You may be surprised to learn that a common source of phosphorus in the Amazon is dust originating from the Saharan Desert. While recent works have observed the transatlantic journey made by the dust, it is still a mystery how the dust is lifted from the Earth's surface to the free atmosphere. In particular, global models underestimate the presence of coarse atmospheric dust, suggesting the models may be missing an important physical process that facilitates transport and vertical uplift.
We used large-eddy simulations and Lagrangian particle tracking to demonstrate the effect of hill topography on the net transport of coarse dust. Even gentle topography induces several flow features which help the dust to avoid deposition and reach several hundred meters in altitude. The work was led by Jasper Kok at UCLA and supported by the US Army Research Office.
Sediment transport applications
Measurement of bedform height for experiments ranging from a small flume to a large river.
In channel flows such as rivers, a swift current can carry bed sediment downstream. This bedload and suspended sediment transport determines how rivers slowly reshape over time and how much nutrient-rich sediment is moved downstream to be deposited in deltas. We used laboratory flume and in situ river measurements to devise a model for how fast bedforms such as ripples and dunes migrate downstream, thus allowing for improved predictions of bedload transport.
Complications arise when machinery such as marine hydrokinetic turbines (MHK) are installed on sediment beds, where the turbine tower and rotor wake induce a scour region. We helped to develop a theoretical model for predicting the depth of scour at the structural base of the turbine.
Structural aerodynamics applications
Drag force experiment on a road sign model (left) in a large laboratory channel facility (center, right).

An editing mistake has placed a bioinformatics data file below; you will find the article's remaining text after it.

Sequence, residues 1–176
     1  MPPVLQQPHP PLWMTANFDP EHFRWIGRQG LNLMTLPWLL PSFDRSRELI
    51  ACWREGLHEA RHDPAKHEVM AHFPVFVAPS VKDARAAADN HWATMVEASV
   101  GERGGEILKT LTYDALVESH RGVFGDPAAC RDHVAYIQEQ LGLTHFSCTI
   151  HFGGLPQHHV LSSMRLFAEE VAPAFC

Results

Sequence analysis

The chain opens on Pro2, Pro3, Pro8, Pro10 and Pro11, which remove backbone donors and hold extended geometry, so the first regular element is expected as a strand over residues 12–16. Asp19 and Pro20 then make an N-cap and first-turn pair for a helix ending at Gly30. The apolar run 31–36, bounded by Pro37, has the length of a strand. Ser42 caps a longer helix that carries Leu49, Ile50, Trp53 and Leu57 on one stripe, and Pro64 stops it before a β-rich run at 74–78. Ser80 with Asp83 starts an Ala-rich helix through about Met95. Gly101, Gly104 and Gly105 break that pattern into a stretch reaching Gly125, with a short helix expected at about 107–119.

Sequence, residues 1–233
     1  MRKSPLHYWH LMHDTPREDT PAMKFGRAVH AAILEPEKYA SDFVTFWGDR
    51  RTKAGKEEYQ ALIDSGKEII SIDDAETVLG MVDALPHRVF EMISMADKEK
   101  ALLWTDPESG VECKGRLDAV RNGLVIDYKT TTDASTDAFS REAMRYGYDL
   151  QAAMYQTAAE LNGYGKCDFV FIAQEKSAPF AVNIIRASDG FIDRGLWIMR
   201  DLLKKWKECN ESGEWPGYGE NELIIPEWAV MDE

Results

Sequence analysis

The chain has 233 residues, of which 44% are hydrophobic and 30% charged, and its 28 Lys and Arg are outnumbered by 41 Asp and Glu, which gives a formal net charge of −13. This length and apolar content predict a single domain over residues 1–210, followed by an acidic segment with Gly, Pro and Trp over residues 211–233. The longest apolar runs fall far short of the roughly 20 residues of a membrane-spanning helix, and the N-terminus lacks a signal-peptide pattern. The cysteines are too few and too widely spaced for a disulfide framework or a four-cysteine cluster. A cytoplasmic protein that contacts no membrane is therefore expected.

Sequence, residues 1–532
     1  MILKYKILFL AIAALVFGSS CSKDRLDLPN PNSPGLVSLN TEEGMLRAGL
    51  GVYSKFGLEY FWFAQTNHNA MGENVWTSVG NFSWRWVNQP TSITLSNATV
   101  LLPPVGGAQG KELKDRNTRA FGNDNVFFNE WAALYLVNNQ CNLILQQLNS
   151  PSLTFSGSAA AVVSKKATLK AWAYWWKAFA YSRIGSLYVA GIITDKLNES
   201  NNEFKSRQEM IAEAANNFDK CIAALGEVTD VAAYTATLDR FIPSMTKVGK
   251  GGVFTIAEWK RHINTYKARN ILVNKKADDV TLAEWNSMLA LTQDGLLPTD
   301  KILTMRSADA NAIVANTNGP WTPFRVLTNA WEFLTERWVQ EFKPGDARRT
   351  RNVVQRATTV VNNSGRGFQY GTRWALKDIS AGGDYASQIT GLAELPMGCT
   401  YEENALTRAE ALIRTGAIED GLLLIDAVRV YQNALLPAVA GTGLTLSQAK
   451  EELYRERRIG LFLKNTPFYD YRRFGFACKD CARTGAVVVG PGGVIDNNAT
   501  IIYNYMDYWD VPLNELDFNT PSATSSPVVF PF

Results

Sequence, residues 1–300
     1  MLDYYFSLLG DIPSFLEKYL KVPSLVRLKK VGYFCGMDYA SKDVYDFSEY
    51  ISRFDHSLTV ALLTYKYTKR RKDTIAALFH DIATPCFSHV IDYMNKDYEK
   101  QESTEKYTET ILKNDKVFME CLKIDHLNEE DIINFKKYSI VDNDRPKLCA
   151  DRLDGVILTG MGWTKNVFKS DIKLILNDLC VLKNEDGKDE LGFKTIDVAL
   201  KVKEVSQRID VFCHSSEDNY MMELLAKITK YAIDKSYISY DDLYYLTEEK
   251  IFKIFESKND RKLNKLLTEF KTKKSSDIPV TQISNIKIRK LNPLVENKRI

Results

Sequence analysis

Many road and highway signs have complex shapes which lead to similarly complex aerodynamic interactions with the wind. We helped to investigate the aerodynamic response under turbulent winds for a specific sign geometry used at rural intersections in the US. The study included laboratory experiments, field measurements, and numerical simulations. The weight distribution of the sign (i.e. top heavy), the design of the structural supports, and the resonance of the natural frequency by vortex shedding and buffeting all contributed to a strong vibrational response in the structure. The work was supported by the Minnesota Department of Transportation.
Wind turbine wake meandering
Lidar capturing wind measurements in the wake of a utility-scale turbine.
In the wake of a wind turbine, an annular shear layer develops to separate the wake core from the ambient flow outside the wake. This shear layer is strongly unstable, and the instability causes the wake to "meander" downwind of the turbine. The meandering leads to fluctuating wind loads on downwind turbines in a wind farm that can fatigue the structure. We used a comparison of wind tunnel and field measurements to identify the signature frequency of the meandering behavior. The work was supported by the Institute on the Environment.